The U.S. Centers for Disease Control and Prevention now says masks, even cloth ones, protect wearers from catching, as well as spreading, the coronavirus.
Yes, this is the same national health agency that initially said masks do not safeguard the general public and are needed only by health-care workers. It is the same agency that, a few months later, said a mask won’t protect the wearer from inhaling the virus — but you should wear one anyway to protect other people in case you’re infected but don’t know it.
On Tuesday, the CDC caught up with the mounting science that shows masks do indeed protect wearers by filtering out any incoming airborne droplets.
Equally significant, the agency endorsed a policy that has been highly politicized in the United States: “universal masking.”
“Adopting universal masking policies can help avert future lockdowns, especially if combined with other non-pharmaceutical interventions such as social distancing, hand hygiene, and adequate ventilation,” the CDC said.
An analysis cited by the CDC found a 15% increase in universal masking could prevent economic losses of up to $1 trillion.
The new advice is not likely to sway anti-maskers, who quickly took to social media to express disapproval.
Others found the evolution of the CDC’s guidance to be suspiciously timed, coming just days after President-elect Joe Biden, a mask proponent, prevailed over President Donald Trump, who mocks mask-wearers including Biden.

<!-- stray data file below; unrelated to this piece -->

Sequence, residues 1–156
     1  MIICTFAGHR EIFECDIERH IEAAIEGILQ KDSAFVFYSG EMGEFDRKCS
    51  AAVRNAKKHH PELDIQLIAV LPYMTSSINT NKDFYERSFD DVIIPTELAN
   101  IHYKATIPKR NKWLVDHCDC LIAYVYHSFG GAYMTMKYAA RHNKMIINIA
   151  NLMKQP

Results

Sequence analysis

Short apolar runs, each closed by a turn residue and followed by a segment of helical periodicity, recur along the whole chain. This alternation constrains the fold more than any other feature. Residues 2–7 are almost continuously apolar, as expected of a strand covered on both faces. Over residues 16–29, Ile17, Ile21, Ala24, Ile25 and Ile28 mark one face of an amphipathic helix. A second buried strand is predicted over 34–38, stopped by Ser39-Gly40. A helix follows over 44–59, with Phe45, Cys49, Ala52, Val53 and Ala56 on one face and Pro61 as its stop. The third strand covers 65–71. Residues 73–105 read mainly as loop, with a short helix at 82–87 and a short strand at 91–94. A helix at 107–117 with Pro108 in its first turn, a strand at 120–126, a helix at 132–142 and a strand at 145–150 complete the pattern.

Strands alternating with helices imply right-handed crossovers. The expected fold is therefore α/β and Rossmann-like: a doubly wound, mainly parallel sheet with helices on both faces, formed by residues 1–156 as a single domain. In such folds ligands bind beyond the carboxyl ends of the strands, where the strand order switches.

To be sure, scientific understanding of the novel coronavirus and how it spreads was basically nonexistent at the beginning of the pandemic, so experts had little information on which to base public health recommendations.
But that didn’t stop them from making strong statements, like U.S. Surgeon General Jerome Adams’ now-infamous tweet in February: “Seriously people – STOP BUYING MASKS! They are NOT effective in preventing general public from catching coronavirus, but if healthcare providers can’t get them to care for sick patients, it puts them and our communities at risk!”
Health-care workers usually wear the N95 mask, so-called because it is designed to filter out 95% of microscopic airborne particles.
But circumstantial evidence and laboratory studies over the last six months have demonstrated the benefits of wearing less sophisticated surgical masks and cloth masks in public. In early August, for example, researchers posted a “preprint” study (not yet reviewed by experts) of 200 countries that found masks reduce COVID-19 deaths. “Government policies supporting the wearing of masks by the public … are independently associated with lower mortality from COVID-19,” they wrote.
Another preprint study — repeatedly updated since it was first posted in April — reviewed all existing evidence and concluded, “We recommend that public officials strongly encourage the use of face masks in public, including the use of appropriate regulation.”
Jeremy Howard, a researcher at the University of San Francisco in California who led the review, told the journal Nature, “You don’t have to do much math to say this is obviously a good idea.”
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